The Light Bearer

From Wikipedia, the free encyclopedia
Jump to: navigation, search
The Light Bearer
Author Donna Gillespie
Cover artist Steve Assel
Country United States
Language English
Genre Historical novel

The Berkley Publishing Group ISBN 0-425-14368-6 ("The Light Bearer," first US edition; Berkley, 1994, trade paperback)

ISBN 0-340-60922-2 "The Light Bearer," first British edition, Hodder and Stoughton, 1994, trade paperback

ISBN 3-8105-0887-X "Mondfeuer;" or Fire from the Moon; first German edition, translated by Manfred Ohl; S. Fischer, 1994, hardback

ISBN 90-225-2066-8 "Auriane, Dochter van het Licht," or Auriane, Daughter of Light, first Dutch edition, translated by Ineke van Bronswijk; De Boekerij, 1996 hardback

ISBN 978-88-7424-578-9 "La Luce del Nord," or Light of the North, first Italian edition, translated by Elisa Canuti; Aliberti Editore, 2010; trade paperback
Media type Print (Paperback)
Pages 788 pp
OCLC 59904503
Followed by Lady of the Light

The Light Bearer is a 1994 historical novel by Donna Gillespie set in first century Rome, spanning the reigns of the Emperors Nero and Domitian. The novel centers upon three historical events: the Emperor Domitian’s war with the Germanic Chattian tribe in 83 A.D.; the inauguration of the Colosseum, or Amphitheatrum Flavium; and the assassination of Domitian, 4.1 see Assassination. In dramatizing the assassination, the author follows closely the details given by first-century Roman historian Gaius Suetonius Tranquillus, b. A.D. 69.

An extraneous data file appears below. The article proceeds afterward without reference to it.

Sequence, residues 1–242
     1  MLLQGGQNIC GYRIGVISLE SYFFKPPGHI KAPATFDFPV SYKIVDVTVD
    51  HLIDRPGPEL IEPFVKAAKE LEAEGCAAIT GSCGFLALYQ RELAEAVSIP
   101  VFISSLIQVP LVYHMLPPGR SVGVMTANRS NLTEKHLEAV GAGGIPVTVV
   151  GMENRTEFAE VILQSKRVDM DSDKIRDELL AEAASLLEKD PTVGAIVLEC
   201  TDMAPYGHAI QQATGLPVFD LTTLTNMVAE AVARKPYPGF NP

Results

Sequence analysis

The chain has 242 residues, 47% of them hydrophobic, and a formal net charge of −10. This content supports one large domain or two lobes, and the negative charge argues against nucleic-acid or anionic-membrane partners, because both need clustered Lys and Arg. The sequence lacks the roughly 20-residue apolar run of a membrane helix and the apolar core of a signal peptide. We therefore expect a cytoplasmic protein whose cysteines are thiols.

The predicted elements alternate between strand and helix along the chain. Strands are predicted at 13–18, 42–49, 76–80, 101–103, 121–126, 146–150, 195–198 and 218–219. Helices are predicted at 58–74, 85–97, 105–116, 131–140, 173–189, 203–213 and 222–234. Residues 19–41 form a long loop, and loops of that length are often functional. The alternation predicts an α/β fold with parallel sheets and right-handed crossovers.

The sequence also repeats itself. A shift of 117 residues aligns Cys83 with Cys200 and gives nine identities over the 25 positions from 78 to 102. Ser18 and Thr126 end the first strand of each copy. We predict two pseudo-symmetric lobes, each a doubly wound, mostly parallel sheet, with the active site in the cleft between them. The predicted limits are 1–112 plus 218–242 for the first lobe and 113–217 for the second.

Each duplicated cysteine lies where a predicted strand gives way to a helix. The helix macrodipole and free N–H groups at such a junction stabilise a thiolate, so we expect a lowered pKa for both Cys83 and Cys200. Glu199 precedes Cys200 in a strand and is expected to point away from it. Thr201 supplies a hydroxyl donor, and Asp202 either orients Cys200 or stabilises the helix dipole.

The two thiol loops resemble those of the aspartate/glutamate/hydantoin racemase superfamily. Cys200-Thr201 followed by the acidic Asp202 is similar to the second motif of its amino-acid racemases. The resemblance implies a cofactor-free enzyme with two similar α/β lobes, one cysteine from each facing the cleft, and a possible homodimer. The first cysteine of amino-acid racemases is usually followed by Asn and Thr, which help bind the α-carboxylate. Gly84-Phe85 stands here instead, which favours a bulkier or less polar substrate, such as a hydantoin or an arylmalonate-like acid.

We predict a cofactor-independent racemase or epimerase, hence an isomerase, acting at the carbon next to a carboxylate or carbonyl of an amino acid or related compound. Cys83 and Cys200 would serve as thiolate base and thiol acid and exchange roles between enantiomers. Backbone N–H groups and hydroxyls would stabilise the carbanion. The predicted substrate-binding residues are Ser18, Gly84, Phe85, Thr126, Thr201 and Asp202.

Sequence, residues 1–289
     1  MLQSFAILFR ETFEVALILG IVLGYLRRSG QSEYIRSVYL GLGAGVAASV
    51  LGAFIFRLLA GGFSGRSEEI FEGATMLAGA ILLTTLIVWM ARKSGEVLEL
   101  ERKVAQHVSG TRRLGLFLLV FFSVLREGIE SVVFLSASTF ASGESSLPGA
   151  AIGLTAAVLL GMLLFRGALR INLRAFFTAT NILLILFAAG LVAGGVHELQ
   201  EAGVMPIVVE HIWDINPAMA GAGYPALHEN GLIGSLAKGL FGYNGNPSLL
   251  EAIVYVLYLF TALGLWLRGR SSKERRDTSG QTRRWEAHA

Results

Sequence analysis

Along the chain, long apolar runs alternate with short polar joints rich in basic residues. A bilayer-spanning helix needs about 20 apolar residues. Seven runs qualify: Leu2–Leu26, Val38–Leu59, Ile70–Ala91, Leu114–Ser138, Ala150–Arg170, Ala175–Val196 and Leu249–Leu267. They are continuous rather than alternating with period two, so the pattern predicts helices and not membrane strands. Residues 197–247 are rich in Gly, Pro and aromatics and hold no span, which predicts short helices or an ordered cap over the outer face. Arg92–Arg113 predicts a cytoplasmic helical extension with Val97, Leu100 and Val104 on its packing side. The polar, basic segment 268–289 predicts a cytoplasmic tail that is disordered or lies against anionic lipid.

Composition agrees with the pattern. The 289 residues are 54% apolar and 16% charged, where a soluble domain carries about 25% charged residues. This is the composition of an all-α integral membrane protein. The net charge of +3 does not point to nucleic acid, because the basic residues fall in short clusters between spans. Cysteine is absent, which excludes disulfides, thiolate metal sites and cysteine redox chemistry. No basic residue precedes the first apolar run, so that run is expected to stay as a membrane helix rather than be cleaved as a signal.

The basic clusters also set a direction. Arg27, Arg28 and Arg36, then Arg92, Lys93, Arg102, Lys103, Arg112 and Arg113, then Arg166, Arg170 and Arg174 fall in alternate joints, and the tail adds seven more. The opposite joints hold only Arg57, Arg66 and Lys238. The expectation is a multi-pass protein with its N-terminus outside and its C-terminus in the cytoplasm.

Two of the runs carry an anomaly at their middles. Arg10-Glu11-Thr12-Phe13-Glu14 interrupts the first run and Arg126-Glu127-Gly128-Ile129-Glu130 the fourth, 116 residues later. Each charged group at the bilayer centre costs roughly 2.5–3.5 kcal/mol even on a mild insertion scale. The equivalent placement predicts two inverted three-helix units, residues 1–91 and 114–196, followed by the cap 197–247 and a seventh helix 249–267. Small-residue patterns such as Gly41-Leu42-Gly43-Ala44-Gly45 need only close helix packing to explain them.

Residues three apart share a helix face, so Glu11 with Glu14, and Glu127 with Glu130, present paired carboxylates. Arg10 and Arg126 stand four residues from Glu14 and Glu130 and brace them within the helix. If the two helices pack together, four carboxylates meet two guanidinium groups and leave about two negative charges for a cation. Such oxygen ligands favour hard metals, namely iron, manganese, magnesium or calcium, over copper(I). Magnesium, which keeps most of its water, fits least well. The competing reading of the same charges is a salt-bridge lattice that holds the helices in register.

Plot summary[edit]

The fictional protagonists are a proto-Germanic tribeswoman, Auriane, daughter of a Chattian war leader; and Marcus Arrius Julianus, a Roman senator and imperial advisor whose character and circumstances are loosely based on the Roman philosopher Seneca, as well as another contemporary in the reign of Nero, Stoic philosopher and statesman Helvidius Priscus, a man much praised by his contemporaries for his outspokenness in public life. Rome’s interference in tribal affairs compel Auriane to take the warrior’s oath and lead her father’s retinue after his untimely death. In Rome, Stoic humanist Marcus Julianus reaches the highest pinnacles of government, where he is taken into the confidence of the Emperor Domitian. Through political maneuvering, he strives to check the murderous whims of the increasingly corrupt Emperor Domitian. Auriane is captured in Domitian's Chattian War and taken to Rome. As Domitian's reign of terror begins, Julianus orchestrates a plot to assassinate the Emperor; here the author has inserted a fictional character into a gap left by history. The Emperor Domitian, who according to Suetonius, was fond of pitting women against dwarfs in the arena, condemns Auriane to a gladiatorial school. Here Auriane discovers the tribesman who betrayed her people in war. As Julianus’ assassination plot rushes to its conclusion, Auriane must carry out the tribal rite of vengeance in the Colosseum.

Literary significance & criticism[edit]